IEFBE 2244

Schending vrijheid van meningsuiting door veroordeling kritische artikelen in krant Orlovskaya Iskra

EHRM 21 februari 2017, IEF 16940; IEFbe 2244; Application no. 42911/08 (Orlovskaya Iskra tegen Rusland) Persvrijheid. Vrijheid van meningsuiting. De NGO publiceert de krant Orlovskaya Iskra. De NGO werd veroordeeld voor een administratief misdrijf met betrekking tot het publiceren van kritiek op een politicus, de heer Stroyev. De NGO klaagt bij het EHRM op grond van artikel 10 (vrijheid van meningsuiting). Het EHRM stelt dat er onvoldoende dwingende redenen zijn aangetoond om vervolging en veroordeling te rechtvaardigen voor het publiceren zulke kritische artikelen. Sprake van schending van de vrijheid van meningsuiting, artikel 10 EVRM.

The applicant NGO published a regional newspaper whose political affiliation was specified on the front page. During the 2007 election campaign for the lower chamber of Parliament, the newspaper published a number of articles criticising a candidate in those elections. The regional electoral committee examined the articles and concluded that, in breach of the relevant domestic provisions, they contained elements of electoral campaigning which had not been paid for from the official campaign fund of any party as required. The applicant was found guilty of an administrative offence and fined. On 27 December 2007 a district court dismissed its appeal. The applicant subsequently lodged two supervisory-review applications and a constitutional complaint, all of which were dismissed. In the Convention proceedings, the applicant complained under Article 10 about the classification of the material it had published as election campaigning and the fine imposed for failing to indicate who had commissioned its publication.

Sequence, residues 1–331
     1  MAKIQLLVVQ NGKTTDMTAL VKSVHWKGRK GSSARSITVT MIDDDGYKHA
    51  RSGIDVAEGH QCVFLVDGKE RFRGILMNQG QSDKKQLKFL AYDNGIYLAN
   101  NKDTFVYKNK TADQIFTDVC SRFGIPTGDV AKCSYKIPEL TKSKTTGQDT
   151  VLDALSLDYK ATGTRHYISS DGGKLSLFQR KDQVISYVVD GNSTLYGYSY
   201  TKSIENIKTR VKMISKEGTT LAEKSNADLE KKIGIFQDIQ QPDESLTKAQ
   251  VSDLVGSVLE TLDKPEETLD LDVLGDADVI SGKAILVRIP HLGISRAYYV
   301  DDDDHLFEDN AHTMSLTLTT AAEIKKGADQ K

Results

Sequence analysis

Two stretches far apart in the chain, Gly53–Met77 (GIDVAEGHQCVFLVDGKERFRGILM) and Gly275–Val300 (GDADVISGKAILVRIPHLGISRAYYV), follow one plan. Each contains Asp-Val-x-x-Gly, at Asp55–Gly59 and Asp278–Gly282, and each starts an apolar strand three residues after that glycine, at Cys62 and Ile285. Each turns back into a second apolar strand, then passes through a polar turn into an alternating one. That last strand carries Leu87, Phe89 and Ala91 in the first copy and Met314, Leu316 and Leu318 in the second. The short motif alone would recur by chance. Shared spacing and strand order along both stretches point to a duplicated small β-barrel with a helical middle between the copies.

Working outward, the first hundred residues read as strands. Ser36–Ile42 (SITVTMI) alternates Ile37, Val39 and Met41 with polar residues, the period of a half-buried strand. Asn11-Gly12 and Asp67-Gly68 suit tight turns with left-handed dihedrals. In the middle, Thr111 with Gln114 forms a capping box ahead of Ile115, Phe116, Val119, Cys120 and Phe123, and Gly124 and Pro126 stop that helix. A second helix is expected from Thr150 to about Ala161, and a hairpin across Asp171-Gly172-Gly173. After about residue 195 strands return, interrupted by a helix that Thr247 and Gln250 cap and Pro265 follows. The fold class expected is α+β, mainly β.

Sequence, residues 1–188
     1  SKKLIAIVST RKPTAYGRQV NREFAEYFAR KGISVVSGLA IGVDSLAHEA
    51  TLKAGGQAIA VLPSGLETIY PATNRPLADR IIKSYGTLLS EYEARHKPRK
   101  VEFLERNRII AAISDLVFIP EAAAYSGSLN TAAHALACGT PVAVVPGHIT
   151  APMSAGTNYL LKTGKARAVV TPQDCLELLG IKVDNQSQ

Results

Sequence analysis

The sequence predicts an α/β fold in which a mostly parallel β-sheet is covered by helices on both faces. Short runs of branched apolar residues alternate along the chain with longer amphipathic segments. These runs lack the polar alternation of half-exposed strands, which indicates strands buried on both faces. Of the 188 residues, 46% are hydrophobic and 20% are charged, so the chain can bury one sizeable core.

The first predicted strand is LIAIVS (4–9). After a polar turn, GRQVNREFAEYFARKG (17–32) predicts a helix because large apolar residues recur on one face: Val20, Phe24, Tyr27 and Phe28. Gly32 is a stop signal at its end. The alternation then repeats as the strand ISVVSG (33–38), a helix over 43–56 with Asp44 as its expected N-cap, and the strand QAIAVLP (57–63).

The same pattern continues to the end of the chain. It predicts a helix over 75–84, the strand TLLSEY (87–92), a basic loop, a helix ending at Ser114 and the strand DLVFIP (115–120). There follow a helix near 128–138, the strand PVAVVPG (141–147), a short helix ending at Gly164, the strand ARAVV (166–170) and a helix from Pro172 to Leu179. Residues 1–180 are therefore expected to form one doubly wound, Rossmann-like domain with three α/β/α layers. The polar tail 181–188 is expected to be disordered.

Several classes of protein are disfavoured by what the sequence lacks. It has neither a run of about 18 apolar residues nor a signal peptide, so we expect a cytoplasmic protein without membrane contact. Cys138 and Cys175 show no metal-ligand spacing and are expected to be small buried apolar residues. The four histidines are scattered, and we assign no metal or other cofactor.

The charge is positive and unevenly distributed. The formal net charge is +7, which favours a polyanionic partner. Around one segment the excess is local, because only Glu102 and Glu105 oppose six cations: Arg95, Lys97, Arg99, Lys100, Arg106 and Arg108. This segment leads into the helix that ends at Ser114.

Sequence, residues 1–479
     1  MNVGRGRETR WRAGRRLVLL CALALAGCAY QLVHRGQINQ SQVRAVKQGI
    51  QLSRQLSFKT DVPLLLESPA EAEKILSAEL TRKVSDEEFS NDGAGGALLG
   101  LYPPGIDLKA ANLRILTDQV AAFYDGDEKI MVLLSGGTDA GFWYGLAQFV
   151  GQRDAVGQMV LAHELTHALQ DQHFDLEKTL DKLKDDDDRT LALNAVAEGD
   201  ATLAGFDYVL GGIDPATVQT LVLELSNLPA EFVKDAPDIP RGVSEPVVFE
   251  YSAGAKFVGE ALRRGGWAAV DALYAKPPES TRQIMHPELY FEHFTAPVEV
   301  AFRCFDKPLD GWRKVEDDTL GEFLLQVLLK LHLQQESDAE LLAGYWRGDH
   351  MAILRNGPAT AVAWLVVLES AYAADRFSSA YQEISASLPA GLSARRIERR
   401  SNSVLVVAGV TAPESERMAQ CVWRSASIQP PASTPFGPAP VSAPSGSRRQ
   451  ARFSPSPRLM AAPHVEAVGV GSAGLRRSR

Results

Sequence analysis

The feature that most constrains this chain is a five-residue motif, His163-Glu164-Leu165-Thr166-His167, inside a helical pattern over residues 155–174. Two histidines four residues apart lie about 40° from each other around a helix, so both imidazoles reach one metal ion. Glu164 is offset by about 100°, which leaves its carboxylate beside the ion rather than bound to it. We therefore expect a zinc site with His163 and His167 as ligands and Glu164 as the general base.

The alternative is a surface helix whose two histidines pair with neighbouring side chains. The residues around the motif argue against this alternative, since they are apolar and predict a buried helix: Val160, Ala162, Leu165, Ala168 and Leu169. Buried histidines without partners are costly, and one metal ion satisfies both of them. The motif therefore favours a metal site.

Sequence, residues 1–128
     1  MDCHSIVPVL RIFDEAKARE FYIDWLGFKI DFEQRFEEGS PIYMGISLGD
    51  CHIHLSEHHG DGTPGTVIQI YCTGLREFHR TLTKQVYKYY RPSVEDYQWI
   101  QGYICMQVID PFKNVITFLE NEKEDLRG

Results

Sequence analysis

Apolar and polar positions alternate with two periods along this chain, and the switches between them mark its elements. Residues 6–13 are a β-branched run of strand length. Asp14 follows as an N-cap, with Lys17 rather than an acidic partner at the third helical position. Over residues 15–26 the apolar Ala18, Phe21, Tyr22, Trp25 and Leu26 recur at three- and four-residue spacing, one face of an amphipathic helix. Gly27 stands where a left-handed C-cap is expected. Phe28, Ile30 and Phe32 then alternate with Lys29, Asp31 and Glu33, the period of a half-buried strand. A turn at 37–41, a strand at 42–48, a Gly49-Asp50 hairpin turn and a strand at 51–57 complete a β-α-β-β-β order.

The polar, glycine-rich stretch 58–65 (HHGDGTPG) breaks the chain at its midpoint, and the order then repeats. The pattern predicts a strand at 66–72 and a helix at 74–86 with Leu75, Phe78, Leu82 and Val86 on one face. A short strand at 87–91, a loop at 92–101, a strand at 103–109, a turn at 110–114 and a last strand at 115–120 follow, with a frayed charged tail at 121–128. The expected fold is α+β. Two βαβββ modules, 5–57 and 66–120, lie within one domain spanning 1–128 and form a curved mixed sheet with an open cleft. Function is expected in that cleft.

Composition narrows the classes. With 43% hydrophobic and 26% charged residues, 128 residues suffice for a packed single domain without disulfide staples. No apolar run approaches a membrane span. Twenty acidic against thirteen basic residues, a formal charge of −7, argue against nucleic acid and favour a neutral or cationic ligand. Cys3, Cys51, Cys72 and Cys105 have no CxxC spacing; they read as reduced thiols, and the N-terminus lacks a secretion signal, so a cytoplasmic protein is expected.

The application before the Court had been lodged more than six months after the appeal decision dated 27 December 2007. However, each of the two decisions at supervisory-review level and the decision of the Constitutional Court were taken and received by the applicant within the six month time-period. At the material time the Code of Administrative Offences (“CAO”), which governed the proceedings, did not provide for any time-limit for seeking supervisory review. The absence of time-limits for using a remedy created uncertainty, and in principle rendered nugatory the six-month rule. However, in 2006 the Constitutional Court had issued a decision stating that an application for supervisory review was to be lodged within three months of the date when the last impugned judgment entered into force. Given that the supervisory-review proceedings had been launched within the three-month time-limit, that those proceedings remained within the same chain of domestic remedies, and that those proceedings were, in principle, capable of dealing with the substance of the relevant Convention issue and to afford adequate redress, the applicant could reasonably have counted on the effectiveness of that remedy and had been required to pursue it before lodging an application before the Court.